West trauma guidelines
-repair heart with 3-0 nonabsorbable running suture
If hypotension persists following thoracotomy and pericardotomy, the descending thoracic aorta should be occluded to maximize coronary perfusion and to decrease the required effective circulating volume to facilitate resuscitation. Typically, the thoracic aorta is cross-clamped inferior to the left pulmonary hilum; alternatively, it can be clamped above the lung in the more proximal descending aorta. Blunt dissection with one’s thumb and fingertips can be performed to isolate the descending aorta. If the aorta cannot be easily isolated from the surrounding tissue, digitally occlude the aorta against the spine to effect aortic occlusion.
After performing the thoracotomy and pericardotomy, the patient’s intrinsic cardiac activity is evaluated; patients in asystole without cardiac tamponade are declared dead.
Bimanual internal massage of the heart is initiated; this should be performed with a hinged clapping motion of the hands, with the wrists apposed, sequentially closing from palms to fingers. The ventricular compression proceeds from the cardiac apex to the base of the heart. Intracardiac injection of epinephrine may be administered into the left ventricle, using a specialized syringe, which resembles a spinal needle. Typically, the heart is lifted up slightly to expose the posterior left ventricle, and care is taken to avoid the circumflex coronary during injection. The heart is vigorously massaged to enhance coronary perfusion. After allowing time for vasopressors to circulate, the heart is defibrillated (30 J) using internal paddles. Following several minutes of such treatment, as well as generalized resuscitation, salvageability is reassessed; we define this as the patient’s ability to generate a systolic blood pressure of greater than 70 mm Hg with an aortic cross-clamp if necessary.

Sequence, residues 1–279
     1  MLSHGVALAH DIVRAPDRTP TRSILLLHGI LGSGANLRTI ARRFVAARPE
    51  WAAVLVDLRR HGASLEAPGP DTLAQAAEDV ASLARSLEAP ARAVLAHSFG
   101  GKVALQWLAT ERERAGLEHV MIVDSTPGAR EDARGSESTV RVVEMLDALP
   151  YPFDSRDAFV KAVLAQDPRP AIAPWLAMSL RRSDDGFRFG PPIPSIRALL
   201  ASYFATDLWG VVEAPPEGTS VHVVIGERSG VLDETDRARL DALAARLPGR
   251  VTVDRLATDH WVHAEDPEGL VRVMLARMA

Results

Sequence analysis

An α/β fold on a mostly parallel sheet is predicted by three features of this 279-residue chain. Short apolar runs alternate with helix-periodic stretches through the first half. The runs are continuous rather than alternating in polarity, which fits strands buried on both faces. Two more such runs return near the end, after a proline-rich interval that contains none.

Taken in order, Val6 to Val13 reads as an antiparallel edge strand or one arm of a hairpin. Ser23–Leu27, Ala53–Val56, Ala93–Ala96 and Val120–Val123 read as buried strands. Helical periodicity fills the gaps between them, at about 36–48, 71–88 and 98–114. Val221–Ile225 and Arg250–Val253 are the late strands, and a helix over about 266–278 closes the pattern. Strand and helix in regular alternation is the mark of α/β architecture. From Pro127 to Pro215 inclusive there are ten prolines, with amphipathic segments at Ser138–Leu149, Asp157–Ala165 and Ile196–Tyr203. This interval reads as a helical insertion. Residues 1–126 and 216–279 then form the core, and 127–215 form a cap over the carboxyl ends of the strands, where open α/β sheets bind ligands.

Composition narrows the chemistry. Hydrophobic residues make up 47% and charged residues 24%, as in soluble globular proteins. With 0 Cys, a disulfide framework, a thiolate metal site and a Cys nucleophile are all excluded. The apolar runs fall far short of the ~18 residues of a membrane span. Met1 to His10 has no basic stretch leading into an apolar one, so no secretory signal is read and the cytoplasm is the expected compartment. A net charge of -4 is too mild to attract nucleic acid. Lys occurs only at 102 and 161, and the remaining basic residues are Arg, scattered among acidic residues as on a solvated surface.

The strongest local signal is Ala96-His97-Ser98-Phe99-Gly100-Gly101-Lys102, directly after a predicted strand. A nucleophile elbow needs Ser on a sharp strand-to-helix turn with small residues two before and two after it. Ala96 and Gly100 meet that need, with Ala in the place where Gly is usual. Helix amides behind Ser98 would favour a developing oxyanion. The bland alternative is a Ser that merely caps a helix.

-Air embolism (West guidelines*): Treatment for bronchovenous air embolism demands immediate pulmonary hilar cross-clamping to prevent further propagation of pulmonary venous air. Placing the patient in the Trendelenburg’s position traps air in the apex of the left ventricle; then with an open pericardium, needle aspiration is performed to remove intracardiac air. In addition, aspiration of the aortic root may be required to alleviate any accumulated air. Vigorous cardiac massage may promote dissolution of air already present in the coronary arteries, and direct needle aspiration of the right coronary artery with a tuberculin syringe may be lifesaving. The production of air emboli is enhanced by the underlying physiology–there is relatively low intrinsic pulmonary venous pressure caused by associated hypovolemia and relatively high bronchoalveolar pressure from assisted positive-pressure ventilation. This combination increases the gradient for air transfer across bronchovenous channels. Although more often observed in penetrating trauma, a similar process may occur in patients with blunt lacerations of the lung parenchyma.